Stephon Marbury Calls Out Michael Jordan over 'Kids Getting Killed for Jordans'

Dan Carson@@DrCarson73Trending Lead WriterOctober 6, 2015

Andy Wong/Associated Press

Stephon Marbury is known for a few things, the foremost among them being his line of affordable Starbury brand basketball shoes.

This isn't to gloss over the Vaseline snacks (warning: video contains profanity) or weeping. Those are very on-brand, Marbury-ish things. 

But his shoes are his legacy—a line of $15 sneakers the then-NBA guard debuted in 2006 that offered a low-cost option for people who didn't want to drop most of a week's paycheck on basketball shoes.

The line folded in 2009 as Marbury's NBA career fizzled out, but as Marbury teased in an Instagram post in late September, the Chinese Basketball Association's most visible player plans to bring Starburys back on the market some time in the near future.

WASHINGTON - JANUARY 27:  Stephon Marbury #3 of the Phoenix Suns passes the ball while being guarded by Michael Jordan #23 of the Washington Wizards during the game at MCI Center on January 27, 2003 in Washington, D.C.  The Wizards won 98-93.  NOTE TO USE
Mitchell Layton/Getty Images

To pump up the relaunch, Marbury's been on the media circuit talking up the shoe's quality and deriding other sneaker brands as obscenely overpriced.

His latest shot across the bow at the sneaker industry comes at one person in particular. Marbury says he's disappointed in Michael Jordan and tired of kids getting killed over his brand of sneakers.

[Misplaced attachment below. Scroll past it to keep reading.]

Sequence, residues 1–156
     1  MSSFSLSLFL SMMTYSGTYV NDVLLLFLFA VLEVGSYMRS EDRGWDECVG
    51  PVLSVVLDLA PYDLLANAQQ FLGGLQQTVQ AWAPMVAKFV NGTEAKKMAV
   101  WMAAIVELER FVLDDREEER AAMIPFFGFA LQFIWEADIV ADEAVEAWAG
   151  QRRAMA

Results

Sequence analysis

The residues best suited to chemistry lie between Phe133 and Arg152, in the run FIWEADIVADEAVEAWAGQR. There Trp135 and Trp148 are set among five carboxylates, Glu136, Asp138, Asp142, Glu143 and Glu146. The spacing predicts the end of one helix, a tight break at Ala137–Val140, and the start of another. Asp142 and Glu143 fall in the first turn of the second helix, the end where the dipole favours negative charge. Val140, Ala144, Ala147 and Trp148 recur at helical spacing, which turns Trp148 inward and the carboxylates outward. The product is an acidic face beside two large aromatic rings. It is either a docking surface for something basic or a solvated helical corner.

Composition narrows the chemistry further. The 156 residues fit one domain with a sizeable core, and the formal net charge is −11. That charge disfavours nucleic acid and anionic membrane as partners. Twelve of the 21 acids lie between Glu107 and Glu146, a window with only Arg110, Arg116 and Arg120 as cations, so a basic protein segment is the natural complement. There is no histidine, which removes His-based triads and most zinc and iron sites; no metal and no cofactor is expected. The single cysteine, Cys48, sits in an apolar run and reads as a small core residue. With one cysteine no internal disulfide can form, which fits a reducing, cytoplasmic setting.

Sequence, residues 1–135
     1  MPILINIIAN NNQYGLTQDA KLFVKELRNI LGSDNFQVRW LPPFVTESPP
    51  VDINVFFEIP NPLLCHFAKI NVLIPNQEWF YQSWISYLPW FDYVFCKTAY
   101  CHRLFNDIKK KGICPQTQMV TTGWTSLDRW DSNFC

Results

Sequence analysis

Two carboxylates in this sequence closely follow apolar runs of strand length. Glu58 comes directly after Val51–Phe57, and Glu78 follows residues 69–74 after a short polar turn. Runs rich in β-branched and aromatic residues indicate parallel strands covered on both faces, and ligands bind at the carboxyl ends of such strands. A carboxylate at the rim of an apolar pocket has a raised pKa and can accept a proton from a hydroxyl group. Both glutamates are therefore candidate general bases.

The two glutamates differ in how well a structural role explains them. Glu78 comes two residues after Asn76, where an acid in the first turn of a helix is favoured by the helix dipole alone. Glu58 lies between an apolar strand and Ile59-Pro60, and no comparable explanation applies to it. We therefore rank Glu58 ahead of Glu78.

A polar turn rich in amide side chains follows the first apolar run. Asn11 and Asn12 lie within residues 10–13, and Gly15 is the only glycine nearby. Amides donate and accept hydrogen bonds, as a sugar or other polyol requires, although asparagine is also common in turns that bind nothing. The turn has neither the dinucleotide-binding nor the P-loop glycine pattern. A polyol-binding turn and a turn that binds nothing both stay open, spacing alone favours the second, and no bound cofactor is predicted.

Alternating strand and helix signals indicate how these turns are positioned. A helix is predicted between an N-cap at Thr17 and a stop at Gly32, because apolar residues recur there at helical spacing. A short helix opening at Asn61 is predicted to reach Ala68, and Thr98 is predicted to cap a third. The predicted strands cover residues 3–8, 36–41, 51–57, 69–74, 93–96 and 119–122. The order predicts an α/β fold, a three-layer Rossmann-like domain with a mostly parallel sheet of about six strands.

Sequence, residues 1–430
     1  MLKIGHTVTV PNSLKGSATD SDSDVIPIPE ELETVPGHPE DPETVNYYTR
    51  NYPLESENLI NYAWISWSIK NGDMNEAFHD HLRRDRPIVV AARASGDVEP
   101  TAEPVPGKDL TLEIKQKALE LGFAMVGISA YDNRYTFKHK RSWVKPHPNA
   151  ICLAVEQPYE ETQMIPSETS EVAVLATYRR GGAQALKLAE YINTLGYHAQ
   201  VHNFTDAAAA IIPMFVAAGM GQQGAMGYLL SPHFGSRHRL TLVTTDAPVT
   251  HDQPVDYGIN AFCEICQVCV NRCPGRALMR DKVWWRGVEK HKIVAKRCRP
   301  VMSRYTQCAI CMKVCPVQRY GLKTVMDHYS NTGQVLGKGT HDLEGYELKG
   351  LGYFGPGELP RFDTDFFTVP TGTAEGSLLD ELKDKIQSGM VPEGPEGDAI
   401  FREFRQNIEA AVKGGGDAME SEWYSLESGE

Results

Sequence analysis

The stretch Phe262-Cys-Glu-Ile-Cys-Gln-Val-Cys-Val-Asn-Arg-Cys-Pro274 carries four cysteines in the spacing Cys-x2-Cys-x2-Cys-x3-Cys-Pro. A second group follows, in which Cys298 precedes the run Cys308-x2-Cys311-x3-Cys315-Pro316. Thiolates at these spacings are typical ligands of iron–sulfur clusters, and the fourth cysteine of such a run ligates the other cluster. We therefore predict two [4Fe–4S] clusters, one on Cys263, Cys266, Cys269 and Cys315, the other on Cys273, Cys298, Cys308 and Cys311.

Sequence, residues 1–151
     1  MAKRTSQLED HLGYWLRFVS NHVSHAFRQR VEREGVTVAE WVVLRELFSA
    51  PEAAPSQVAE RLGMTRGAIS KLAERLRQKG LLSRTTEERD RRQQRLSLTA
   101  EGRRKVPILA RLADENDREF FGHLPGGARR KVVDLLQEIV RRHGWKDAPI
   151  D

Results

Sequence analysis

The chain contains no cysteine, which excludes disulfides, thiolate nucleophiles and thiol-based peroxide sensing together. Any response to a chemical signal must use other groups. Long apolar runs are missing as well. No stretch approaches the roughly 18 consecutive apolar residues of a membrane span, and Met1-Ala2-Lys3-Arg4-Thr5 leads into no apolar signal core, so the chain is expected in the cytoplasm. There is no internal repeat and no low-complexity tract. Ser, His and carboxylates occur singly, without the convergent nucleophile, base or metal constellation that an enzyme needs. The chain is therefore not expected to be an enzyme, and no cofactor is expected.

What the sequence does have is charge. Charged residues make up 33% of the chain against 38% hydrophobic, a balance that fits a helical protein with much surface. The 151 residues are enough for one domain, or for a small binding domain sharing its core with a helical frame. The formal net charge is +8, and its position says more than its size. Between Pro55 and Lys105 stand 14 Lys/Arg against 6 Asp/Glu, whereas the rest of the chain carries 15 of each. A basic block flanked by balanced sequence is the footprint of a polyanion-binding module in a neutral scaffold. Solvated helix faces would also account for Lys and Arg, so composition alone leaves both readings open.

Marbury called Jordan out over Twitter on Sunday night, labeling him a profiteer whose shoes have been "robbing the hood" of money and sparking violence for decades.

Marbury's final dig: Jordan isn't the end-all, be-all. He just put balls through hoops better than everyone else.

These are some interesting allegations from Marbury.

A cynic might call this the lowest form of free advertising—Marbury calling out Jordan and claiming the moral high ground to pump up his own product and wallet.

Someone less jaded would cede that, yes, basketball shoes are getting ridiculously expensive, and an inexpensive option that lightens a household's financial burden is a good thing to have.

Then, of course, there's the whole question of Jordan's moral culpability in whatever violence occurs over his product—a subject fit for a master's thesis if I've ever heard one.

In any case, Marbury's opinion is clear: Expensive shoes cause trouble, Jordan is part of the problem and kids need to get their priorities straight.

-----------Update: Tuesday, Oct. 13-------------------------------------------------------

Marbury hasn't let up, targeting Jordan and his signature shoes again with another tweet one week after initially calling him out.

Dan is on Twitter. This is why he bought T-MACs.

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